Tanks on the Fall of The Wall | KCET
Tanks on the Fall of The Wall
Today, November 9, 2009, marks the 20th anniversary of the fall of the Berlin Wall.
RAND's website notes the occasion by showcasing a publication from the org's RAND Reprints series: "The Cold War, RAND, and the Generation of Knowledge, 1946-1962."
Written by David Hounshell, the volume tells of the think tank's early, Cold War days, prior to a subsequent branching out to working on social issues. The abstract and a free-of-charge download of Hounshell's work are each here.
From the .PDF:
"The Cold Ware had profoundly altered the course of national development in both he United States and the Soviet Union as vast sums were expended to create national security complexes that insinuated themselves into virtually every corner of American and Soviet societies with profound behavioral and psychological consequences. This was especially true in the realms of science and technology where the pursuit of knowledge became increasingly an instrument for ensuring national security. At no time in human history had such abundant resources been devoted to scientific and technological research and development, albeit it the pursuit of largely military interests."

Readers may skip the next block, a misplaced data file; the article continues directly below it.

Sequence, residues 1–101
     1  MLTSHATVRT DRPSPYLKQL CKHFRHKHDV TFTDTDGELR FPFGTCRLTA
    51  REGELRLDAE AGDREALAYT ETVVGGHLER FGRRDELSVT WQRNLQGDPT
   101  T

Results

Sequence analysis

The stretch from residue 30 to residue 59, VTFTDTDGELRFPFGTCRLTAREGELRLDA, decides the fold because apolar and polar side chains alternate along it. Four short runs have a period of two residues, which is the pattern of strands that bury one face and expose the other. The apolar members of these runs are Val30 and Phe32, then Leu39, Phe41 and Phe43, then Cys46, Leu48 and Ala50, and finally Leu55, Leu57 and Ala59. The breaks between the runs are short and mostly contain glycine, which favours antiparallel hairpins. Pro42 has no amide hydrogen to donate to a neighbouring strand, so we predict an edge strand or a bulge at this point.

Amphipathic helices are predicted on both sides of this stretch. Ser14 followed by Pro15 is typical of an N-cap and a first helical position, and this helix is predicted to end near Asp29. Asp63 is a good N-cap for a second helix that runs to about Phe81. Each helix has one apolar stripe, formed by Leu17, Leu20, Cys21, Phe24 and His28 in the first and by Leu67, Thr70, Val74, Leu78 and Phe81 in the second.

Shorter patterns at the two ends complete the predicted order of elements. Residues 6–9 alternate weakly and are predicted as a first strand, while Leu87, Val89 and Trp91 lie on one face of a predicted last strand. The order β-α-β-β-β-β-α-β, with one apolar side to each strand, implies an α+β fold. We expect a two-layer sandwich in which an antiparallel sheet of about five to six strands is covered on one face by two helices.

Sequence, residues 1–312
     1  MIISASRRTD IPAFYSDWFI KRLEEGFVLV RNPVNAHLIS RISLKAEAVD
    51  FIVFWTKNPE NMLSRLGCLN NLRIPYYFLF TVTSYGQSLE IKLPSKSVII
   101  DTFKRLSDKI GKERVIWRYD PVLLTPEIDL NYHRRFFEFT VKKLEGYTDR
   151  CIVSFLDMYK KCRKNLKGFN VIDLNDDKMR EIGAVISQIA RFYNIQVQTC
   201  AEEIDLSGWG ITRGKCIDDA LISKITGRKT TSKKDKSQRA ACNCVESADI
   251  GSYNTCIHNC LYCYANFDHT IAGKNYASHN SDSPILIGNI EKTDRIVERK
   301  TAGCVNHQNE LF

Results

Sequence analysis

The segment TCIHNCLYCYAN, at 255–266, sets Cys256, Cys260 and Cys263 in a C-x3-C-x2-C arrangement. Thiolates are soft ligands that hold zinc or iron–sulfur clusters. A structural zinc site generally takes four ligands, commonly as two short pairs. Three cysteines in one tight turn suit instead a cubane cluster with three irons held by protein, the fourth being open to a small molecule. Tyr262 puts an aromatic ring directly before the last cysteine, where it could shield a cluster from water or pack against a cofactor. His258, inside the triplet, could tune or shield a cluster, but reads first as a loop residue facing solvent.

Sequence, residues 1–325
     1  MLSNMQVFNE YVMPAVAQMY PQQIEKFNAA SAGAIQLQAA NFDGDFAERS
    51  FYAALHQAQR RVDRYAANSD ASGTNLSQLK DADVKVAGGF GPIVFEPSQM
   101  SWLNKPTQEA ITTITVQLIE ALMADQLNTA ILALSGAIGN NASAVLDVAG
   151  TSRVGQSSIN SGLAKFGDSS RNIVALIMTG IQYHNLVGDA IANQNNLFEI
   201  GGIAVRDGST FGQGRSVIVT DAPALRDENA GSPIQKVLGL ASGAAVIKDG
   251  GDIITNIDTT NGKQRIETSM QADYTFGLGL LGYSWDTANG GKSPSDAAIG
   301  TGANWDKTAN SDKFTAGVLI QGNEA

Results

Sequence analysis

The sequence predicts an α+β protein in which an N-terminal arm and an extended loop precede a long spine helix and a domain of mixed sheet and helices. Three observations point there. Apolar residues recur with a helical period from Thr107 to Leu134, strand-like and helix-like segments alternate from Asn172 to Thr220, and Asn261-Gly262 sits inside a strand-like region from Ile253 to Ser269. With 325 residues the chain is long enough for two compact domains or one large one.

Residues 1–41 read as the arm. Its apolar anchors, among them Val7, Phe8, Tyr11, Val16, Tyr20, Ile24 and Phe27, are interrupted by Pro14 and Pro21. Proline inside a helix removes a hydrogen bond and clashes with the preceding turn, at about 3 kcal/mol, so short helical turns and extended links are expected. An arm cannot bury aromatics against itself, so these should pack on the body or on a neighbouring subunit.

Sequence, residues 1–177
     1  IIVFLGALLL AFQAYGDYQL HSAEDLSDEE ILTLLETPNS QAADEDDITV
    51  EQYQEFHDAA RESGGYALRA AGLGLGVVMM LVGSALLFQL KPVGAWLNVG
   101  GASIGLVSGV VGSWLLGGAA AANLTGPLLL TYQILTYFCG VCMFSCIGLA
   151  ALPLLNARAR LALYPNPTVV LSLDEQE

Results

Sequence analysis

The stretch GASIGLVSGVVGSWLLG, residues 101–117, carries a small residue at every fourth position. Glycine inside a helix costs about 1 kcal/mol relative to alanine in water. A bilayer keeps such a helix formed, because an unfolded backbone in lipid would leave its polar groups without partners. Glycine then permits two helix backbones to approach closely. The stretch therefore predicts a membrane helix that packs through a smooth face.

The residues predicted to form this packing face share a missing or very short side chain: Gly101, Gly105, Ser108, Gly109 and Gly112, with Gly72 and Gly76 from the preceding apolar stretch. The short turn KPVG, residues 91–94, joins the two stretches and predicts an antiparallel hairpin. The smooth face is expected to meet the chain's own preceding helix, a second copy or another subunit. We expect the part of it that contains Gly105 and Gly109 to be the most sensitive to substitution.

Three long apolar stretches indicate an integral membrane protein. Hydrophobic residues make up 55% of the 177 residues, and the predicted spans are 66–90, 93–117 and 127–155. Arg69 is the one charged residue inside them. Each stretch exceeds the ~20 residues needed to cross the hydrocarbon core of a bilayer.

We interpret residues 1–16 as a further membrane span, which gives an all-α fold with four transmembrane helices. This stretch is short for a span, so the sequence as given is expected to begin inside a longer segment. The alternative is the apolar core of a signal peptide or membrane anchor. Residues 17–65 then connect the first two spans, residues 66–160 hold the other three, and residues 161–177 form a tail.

Also available from RAND online: "Morale in West Berlin After 'The Wall,'" by H. Hurwitz.
- Reason's post marking the wall's fall begins, "Communism was the greatest catastrophe of the 20th century...."
- American Enterprise has Newt Gingrich co-authoring a feature.
- And Brookings has Strobe Talbott on "The Four Who Ended the Cold War."
And, a few selections from elsewhere in the local and national tankospheres:
In honor of Black History Month, KCET and PBS SoCal will showcase a curated lineup of enlightening programs to bolster awareness and understanding of racial history in America.
"Sleep No More" theater director Mikhael Tara Garver unearths the L.A. River's 8-mile deep stories and histories in an ongoing work of experimental theater called "Rio Reveals."
Joseph Rodriguez’s photographs of the LAPD in 1994 is a deeply personal, political act that still resonates in today’s political climate.
Tom LaBonge, a larger-than-life character in city hall meetings and effusive champion of Los Angeles, has passed away suddenly.
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